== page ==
In a detailed analysis of the legal outlook, the Independent reports the tobacco industry will face its biggest legal challenge yet next month, when it will finally appear in the dock to fight a $280bn claim from the US Government for deceiving the public over the health risks of smoking for more than 50 years.It is the largest suit ever launched by the Department of Justice and promises to reveal whether scientific research on nicotine was withheld, destroyed and ignored by a number of companies in a conspiracy designed to keep “profits above the public health”, dating back to 1954.
The secrets of the tobacco industry have already been the subject of an Oscar-nominated Hollywood blockbuster. When Jeffrey Wigand, who was head of research and development at Brown & Williamson, British American Tobacco’s former US subsidiary, described cigarettes as the “delivery device for nicotine” to the US media, the tobacco industry was almost choked by the biggest public health lawsuit to date. His revelations that tobacco companies knew nicotine was addictive and that carcinogenic material was knowingly added to cigarettes were made public by the American investigative journalist Lowell Bergman, whose work inspired the film The Insider, starring Al Pacino and Russell Crowe. Mr Wigand’s testimony helped bring about a $206bn settlement between the tobacco industry and 46 US states for the costs of treating sick smokers.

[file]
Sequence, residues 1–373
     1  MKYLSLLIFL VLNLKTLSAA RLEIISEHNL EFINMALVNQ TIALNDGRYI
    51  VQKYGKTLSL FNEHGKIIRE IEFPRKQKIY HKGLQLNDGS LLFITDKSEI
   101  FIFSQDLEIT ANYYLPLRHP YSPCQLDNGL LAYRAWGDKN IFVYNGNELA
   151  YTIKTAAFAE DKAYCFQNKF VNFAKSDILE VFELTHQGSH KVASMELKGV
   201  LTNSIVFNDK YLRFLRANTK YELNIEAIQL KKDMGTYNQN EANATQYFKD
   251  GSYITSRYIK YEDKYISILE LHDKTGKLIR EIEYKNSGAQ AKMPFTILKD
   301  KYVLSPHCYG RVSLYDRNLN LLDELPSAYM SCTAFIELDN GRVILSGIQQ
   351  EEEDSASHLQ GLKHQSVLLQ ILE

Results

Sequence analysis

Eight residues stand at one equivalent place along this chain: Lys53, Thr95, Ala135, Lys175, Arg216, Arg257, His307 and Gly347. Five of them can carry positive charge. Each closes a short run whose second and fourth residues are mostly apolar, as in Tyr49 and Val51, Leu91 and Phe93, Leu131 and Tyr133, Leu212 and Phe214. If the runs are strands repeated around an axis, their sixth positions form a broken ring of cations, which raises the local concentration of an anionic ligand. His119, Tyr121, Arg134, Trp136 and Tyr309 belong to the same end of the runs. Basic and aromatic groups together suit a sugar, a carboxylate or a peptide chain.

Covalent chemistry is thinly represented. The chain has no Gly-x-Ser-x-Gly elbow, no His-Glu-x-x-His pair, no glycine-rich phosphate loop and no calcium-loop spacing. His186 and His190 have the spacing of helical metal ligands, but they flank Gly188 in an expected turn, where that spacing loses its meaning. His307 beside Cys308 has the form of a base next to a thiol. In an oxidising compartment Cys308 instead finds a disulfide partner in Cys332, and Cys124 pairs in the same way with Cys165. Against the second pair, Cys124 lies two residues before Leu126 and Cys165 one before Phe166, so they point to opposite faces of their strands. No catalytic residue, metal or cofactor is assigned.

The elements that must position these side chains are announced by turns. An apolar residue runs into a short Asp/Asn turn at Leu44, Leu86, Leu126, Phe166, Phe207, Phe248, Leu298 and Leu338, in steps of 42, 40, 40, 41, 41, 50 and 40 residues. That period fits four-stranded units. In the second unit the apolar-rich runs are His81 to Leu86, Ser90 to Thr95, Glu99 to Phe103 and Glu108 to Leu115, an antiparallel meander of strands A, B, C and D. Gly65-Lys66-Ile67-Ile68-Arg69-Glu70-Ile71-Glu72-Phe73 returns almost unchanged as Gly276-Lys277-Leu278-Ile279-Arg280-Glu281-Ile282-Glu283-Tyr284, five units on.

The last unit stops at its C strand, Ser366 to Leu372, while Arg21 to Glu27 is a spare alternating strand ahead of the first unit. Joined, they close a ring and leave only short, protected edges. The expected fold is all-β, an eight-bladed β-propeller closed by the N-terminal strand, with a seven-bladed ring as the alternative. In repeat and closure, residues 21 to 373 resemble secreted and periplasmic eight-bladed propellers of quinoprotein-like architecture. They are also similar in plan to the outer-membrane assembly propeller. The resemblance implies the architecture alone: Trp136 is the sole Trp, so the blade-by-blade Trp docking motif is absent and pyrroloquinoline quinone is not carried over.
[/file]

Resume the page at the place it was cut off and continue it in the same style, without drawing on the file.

On 13 September, the sequel to that settlement will open to the public, with a federal trial set to take place in Washington DC that has taken five years to bring to court. A number of major cigarette companies, including BAT, are on trial on “fraud and deceit” charges that were originally designed to fight the mafia. Along with BAT stands Philip Morris, R J Reynolds, Lorillard and Liggett, which represent the best-known brands in cigarettes such as Marlboro, Lucky Strike, Pall Mall and Camel.
Source: The Independent, 13 August 2004